Valentine's Day can be a kind of non-holiday, like a party gone wrong, where the highest offerings are heart-shaped-nothings, flowers, and the dinner-movie date. Fortunately February's smattering of art exhibitions affords something for everyone, so whether you're looking for a destination that will heat up a first date, open a door with your longtime partner, or to simply get away from all this love and affection here is KQED's guide to spending your V-Day out.
At Catharine Clark Gallery Kambui Olujimi's mixed media sculptures tantalize the gallery's open front room. In a gesture as tender and effortless as Picasso's "Bull's Head," each of Olujimi's sculptures pair the same two objects -- handcuffs and jewels -- with slight changes in patina and form. Each hangs off of two nails, the baubles appearing to crystallize off the cuff's chain, rough and delicate in even measures. The gallery also presents drawings by Jonathan Solo that make smooth transitions between coy magazine cut-outs and charged, erotic bodies.
Recommended to the piquant and the sado-elegant.
Meet your date at Pro Arts in Oakland, where two young artists, Chris Fraser and Weston Teruya (see Danielle Sommer's review of Teruya's show), are using their bodies and materials like it's 1969 all over again. Fraser's organically abstract videos bring swaying refractions of light through crevices in womb-like darkness, while Teruya's cautiously constructed paper replicas of industrial detritus bring love to cinder blocks, desk clamps, and barren girders. Both employ an intimate, qualified technique.
For smart, punctilious art-lovers.
"Flux #89," Dianne Romaine, 2006.
Head over to Chandra Cerrito Contemporary where two artists working in painting and sculpture host a more subtle conversation. Dianne Romaine has worked for several years within the strictest of formal constraints in a series called "Flux". Romaine paints woody-hued circles on wet canvas that soften at their edges and maintain boundaries like blood cells. The rear gallery features several sculptures of string by Sabine Reckewell, whose minimalist preparatory ink drawings impress the same alterations in space that her sculptures achieve. Both artists find warmth through calculated processes.
For the science-oriented looking for a hushed, pitch-perfect tête-à-tête
"All the Good Ones Get Away," Kenneth Lo, 2010.
Misery would like some company at Kenneth Lo's exhibition at SOEX. Lo has filled the space with tombstones and memorials, decorated with icons and text that take time to sink in. On the floor a grid of cement blocks are decorated with engraved panels that perfectly replicate Lo's formerly transient Facebook Wall posts, replete with friend's responses. But you'll want to spend time with "All the Good Ones Get Away" (2010), an engraving on marble, from memory, of everyone that has ever rejected Lo's romantic advances, and where they were at the time. This includes the same person at multiple locations, as well as a girl in high school whom he accidentally hit with a baseball bat ("[she] inexplicably lost interest in me") and while at a cousin's wedding both a girl ("a great dancer") and her mother ("also a great dancer. If I ever see her, or Irene, again I'll need to apologize.") His recollections are forthright and honest -- several names bare asterisks for "the most beautiful woman I had ever seen, at that time" -- but sad and severe for the same reasons. Is there any number of rejections that will stop us from pursuing the one we consider the most beautiful?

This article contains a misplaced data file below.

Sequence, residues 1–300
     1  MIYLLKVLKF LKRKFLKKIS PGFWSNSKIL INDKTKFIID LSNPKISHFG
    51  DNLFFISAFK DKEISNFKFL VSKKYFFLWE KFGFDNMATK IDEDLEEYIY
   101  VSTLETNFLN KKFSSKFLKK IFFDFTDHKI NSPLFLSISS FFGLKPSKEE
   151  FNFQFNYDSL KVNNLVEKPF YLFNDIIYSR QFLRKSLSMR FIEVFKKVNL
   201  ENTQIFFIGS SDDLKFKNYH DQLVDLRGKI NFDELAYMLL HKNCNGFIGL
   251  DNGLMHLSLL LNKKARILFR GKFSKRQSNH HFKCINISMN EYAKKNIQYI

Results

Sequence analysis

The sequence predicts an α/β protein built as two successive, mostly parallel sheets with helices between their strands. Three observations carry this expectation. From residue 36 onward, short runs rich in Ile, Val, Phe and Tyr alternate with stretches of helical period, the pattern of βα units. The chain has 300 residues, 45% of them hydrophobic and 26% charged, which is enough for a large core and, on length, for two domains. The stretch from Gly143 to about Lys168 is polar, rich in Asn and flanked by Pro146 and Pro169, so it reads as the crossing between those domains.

Recommended to the recently dumped. This exhibition will definitely make you laugh. Bonus: Shotwell's Bar is 2 blocks east on 20th.
If you're doing the dumping, you better pick another day for it. Instead take your date for a stroll in the Sculpture Garden at Recology San Francisco, the world's "only art park located at a garbage company." Situated atop a hill in a grove of trees, the garden is tranquil and fanciful. Artists in Residence at the SF dump have long been transforming the city's waste into sculptures that belie their material origin. Permanent works by Colette Crutcher, Rick Carpenter, and Marilyn Kuksht are graceful and calming.
Recommended to those who need to turn things around.
Finally, if you're the stay-at-home type, Google just made it one step easier. Applying Streetview technology to some of the world's greatest art museums, including the MoMA, the Tate, and the Met, the Google Art Project allows you to navigate through galleries, zooming closer into masterworks than any real-life guard would permit, and view information and videos about the work in the quick, clean layout that one would expect from this company.
Recommended to homebodies everywhere -- bring your own blanket.
PLEASE NOTE: Most art galleries are open Tuesday through Saturday, so you might have to get your Valentine's Day gallery crawl on a little early if you want to catch most of these shows with a date. But why not start the weekend off right? Kambui Olujimi is at Catharine Clark Gallery through February 19, 2011. Chris Fraser and Weston Teruya at Pro Arts Gallery through February 25, 2011. Sabine Reckewell and Dianne Romaine at Chandra Cerrito Contemporary through March 19, 2011. Kenneth Lo atSouthern Exposure through February 19, 2011. Recology Sculpture Garden ongoing. Google Art Project ongoing.
Olujimi image courtesy the artist and Catharine Clark Gallery, San Francisco. Romaine image courtesy the artist and Chandra Cerrito Contemporary, Oakland. Lo image courtesy the artist and Southern Exposure, San Francisco.